The rules are clear in the building codes, but many designers in my opinion do not understand the importance of restricting the combustibility of the external surfaces.
It is rare to find a building that has passed through the building control procedure without the required internal structural fire safety requirements, but it is becoming increasingly apparent that many buildings have been constructed using combustible external finishes and this is placing many people at unnecessary risk.
Cladding systems are available that meet the requirements of the building codes but all too often they are not being used. A discarded cigarette is thought to have ignited rubbish piled up outside de the Tamweel Tower, in Dubai in 2012.
The fire gutted half of the tower block and began in a pile of combustible material in an outdoor passageway at the base of the building. It had been left there by contractors working on a shop inside the building.
Once lit, the fire quickly spread up the highly flammable building cladding, which contained aluminium and fibreglass, to the roof. Flaming sections of cladding fell down on the balconies and cars below. The fire also spread inside the building, mainly through the balconies.
Similar fires are occurring with increasing frequency around the world in high rise buildings.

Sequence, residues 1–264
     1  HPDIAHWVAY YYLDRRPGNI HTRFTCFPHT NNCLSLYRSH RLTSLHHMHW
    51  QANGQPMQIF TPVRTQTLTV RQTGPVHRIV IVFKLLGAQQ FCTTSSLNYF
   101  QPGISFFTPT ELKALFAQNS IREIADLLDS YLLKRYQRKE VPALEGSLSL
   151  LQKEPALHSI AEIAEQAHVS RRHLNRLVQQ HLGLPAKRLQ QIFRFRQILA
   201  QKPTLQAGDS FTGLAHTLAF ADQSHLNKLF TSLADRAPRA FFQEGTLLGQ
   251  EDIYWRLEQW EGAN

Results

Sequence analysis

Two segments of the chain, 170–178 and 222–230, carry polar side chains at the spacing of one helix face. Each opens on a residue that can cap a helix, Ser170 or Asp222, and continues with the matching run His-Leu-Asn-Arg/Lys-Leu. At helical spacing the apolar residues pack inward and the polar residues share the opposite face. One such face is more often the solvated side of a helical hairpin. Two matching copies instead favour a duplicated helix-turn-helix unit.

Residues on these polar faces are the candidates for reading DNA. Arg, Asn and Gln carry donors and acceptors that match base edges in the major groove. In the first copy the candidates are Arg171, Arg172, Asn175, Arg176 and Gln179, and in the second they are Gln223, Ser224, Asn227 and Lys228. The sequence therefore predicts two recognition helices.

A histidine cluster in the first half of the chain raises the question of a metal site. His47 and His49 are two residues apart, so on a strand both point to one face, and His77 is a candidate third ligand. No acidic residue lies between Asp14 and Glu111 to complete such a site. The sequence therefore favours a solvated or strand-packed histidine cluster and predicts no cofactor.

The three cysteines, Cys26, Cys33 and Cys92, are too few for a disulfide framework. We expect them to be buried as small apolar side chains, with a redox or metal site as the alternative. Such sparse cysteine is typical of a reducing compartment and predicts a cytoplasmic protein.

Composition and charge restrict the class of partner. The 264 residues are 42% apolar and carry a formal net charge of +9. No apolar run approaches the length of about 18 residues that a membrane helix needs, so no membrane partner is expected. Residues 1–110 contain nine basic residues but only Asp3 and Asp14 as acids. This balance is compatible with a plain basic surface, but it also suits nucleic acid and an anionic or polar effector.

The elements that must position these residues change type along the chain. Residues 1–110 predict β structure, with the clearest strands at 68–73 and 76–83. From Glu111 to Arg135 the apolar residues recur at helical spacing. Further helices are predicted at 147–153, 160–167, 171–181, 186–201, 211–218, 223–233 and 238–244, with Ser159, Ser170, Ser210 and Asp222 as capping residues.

In London in 2009, six people were killed in Lakanal House, a relatively low rise 15 storey residential building. The started in a dwelling on the seventh floor and quickly spread internally and externally to the ninth floor.
More unusually, the fire also spread downwards to the fifth floor. A contributory factor to the external fire spread has been confirmed as the replacement of external panels that were previously non-combustible with plastic based panels.
These panels contributed to the rapid fire spread by melting and causing burning droplets to fall and enter the open windows of the units of accommodation on the floors below.
The reason why there have not been more serious consequences in similar fires that have occurred in recent years is the effective provision of fire separation by compartmentation within the buildings.
It is important to understand that although the various codes of practice require the external walls to be fire resisting in load bearing capacity, there is rarely a requirement for the walls themselves to restrict fire penetration through them i.e. the load bearing capacity is often provided by columns and beams thereby enabling the incorporation of unprotected areas within the walls such as windows.
The use of glazing for windows is entirely desirable, it would be impractical and cost prohibitive to have fixed shut fire resisting glazing on all the exterior walls.
The percentage of the wall area that may be unprotected depends on the height, use and proximity of neighbouring buildings.
It is therefore essential that the external wall construction does not permit fire spread across its surface as there will always be the potential for an external fire to enter the building through open or non-fire resisting glazing.
The cause of the Torch fire is still under investigation but having seen video footage of the fire and its development, I am in no doubt that the building cladding system was not code compliant.
UAE Regulations and beyond
The new Regulations introduced in the UAE in 2013 require the use of fire resistant Aluminium Composite Panels with a mineral core rated as per international fire regulations, in the place of an inflammable core. They disallow the use of Silicon or fillers in the Cladding Assembly joints, and specify an open joint ventilated sub-structure backed with fire resistant and high density insulation.